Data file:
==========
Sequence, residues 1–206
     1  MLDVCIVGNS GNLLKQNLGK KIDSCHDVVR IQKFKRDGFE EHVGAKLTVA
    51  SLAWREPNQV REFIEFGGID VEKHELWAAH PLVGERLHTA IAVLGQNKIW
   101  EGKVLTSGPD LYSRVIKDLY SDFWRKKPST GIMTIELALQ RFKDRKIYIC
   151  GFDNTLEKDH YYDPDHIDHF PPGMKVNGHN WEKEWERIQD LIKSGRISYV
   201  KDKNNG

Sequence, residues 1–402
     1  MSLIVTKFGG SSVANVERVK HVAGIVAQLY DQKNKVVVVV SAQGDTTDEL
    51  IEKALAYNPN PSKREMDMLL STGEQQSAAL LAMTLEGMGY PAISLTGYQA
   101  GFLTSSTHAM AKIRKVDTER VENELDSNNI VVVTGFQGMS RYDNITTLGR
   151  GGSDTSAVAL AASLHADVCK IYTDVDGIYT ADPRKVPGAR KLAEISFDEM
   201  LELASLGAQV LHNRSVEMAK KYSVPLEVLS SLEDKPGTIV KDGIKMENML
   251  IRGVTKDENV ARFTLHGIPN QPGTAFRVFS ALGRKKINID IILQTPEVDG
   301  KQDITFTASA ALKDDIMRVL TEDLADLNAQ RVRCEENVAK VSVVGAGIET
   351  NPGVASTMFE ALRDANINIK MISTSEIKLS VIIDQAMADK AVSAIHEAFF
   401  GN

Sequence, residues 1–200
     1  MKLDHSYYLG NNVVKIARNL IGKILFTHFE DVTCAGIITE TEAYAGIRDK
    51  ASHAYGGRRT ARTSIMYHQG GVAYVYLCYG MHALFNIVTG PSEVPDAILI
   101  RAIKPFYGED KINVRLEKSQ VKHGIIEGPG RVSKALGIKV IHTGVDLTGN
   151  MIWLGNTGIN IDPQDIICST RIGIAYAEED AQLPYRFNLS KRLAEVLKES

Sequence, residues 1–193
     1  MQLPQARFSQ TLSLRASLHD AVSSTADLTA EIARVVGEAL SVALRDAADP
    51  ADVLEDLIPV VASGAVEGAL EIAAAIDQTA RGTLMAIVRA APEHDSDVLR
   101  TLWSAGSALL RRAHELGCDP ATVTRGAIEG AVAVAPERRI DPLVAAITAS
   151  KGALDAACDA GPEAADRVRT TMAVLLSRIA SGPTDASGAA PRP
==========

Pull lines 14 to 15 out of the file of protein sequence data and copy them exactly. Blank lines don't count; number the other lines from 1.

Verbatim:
   301  KQDITFTASA ALKDDIMRVL TEDLADLNAQ RVRCEENVAK VSVVGAGIET
   351  NPGVASTMFE ALRDANINIK MISTSEIKLS VIIDQAMADK AVSAIHEAFF